This is a critical decision because children and adolescents are at increased risk for both repeat concussion and for long-term sequelae, delayed recovery, and increased risk for future TBIs, depression, and dementia. In 2005, four phases were proposed in an approach to concussion management: recognition, response, rehabilitation, and return to play.49 The initial response following a suspected concussion was to remove the athlete from play and assess the patient. General principles to be followed include rest, graded return to functional activities, and finally return to sport-specific activities.8 There are clearly social, legal, and financial implications to limiting or recommending an end to an athlete’s or soldier’s activities or career.
It is now recognized that certain injuries in athletes may be season-ending, or career-ending. Suggested guidelines for recommending that an athlete stop competition for the season include: three or more concussions in one season, prolonged post-concussive symptoms, two or more severe concussions in a single season, decreased athletic or academic performance, or any clinically important finding on imaging. Career-ending injuries have been proposed as well: intracranial hemorrhage, pathologic abnormalities such as Chiari malformation, decreased academic or cognitive function, prolonged post-concussion syndrome, three or more major concussions, decreased threshold for concussion, or chronic traumatic encephalopathy.8,33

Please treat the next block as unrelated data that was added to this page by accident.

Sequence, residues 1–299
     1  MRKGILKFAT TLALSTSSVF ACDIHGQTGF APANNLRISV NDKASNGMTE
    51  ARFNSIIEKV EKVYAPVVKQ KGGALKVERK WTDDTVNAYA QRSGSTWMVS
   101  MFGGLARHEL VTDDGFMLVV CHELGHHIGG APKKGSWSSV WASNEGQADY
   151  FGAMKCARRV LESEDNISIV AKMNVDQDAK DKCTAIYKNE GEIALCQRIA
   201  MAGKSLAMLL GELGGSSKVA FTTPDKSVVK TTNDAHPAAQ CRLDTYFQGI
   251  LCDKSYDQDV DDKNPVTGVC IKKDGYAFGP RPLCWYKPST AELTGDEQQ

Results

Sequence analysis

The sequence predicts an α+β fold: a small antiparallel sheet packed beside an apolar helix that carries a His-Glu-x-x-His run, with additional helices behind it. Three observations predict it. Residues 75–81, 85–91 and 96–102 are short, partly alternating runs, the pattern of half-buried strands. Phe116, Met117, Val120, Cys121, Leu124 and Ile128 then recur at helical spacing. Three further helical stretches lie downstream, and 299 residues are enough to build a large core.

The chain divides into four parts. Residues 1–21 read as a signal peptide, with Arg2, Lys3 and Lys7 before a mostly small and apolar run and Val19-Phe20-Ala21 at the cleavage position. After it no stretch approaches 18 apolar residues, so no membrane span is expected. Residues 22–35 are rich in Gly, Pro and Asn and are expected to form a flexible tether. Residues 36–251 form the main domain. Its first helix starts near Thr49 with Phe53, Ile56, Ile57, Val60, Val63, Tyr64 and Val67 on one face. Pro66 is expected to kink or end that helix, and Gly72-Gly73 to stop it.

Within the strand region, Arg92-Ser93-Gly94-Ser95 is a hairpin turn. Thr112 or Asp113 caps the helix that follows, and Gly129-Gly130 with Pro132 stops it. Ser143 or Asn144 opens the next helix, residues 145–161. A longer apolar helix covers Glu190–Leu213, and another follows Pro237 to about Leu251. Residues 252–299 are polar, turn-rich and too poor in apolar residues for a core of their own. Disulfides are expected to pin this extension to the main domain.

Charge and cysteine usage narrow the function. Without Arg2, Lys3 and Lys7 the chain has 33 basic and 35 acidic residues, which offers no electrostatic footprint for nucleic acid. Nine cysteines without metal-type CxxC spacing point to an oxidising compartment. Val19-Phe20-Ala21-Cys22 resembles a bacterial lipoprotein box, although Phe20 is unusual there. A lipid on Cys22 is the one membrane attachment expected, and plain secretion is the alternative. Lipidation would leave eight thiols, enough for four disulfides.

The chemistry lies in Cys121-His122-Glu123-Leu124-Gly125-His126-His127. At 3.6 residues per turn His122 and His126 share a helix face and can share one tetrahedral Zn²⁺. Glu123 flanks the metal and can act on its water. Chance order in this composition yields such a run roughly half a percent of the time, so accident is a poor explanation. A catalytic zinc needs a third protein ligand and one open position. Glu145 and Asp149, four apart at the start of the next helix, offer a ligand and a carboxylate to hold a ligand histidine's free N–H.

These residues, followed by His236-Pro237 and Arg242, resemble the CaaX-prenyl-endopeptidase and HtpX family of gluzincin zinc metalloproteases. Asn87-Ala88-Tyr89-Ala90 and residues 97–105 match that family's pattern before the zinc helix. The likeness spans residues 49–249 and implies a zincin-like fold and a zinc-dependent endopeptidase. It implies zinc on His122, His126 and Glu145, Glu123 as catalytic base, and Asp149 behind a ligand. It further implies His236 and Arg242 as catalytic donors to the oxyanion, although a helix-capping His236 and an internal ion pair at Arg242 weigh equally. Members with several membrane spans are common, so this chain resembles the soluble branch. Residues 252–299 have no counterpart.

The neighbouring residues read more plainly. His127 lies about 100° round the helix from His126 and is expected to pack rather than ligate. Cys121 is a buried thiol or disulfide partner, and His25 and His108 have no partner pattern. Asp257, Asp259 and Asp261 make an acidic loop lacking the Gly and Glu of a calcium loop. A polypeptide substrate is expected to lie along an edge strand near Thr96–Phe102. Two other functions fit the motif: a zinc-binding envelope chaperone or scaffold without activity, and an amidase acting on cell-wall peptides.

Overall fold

Primary and Secondary Prevention Strategies
The most obvious prevention strategy includes use of protective equipment such as use of a bicycle or motorcycle helmet. There is current research to develop football helmets to prevent or mitigate concussions. A so-called "intelligent mouthguard" is an example. This device is placed on the teeth and measures in-game head impacts, transmitting data on head orientation, position, velocity, and acceleration of any given impact. This will undergo trial use starting in 2014 with a football team in northeast Ohio.50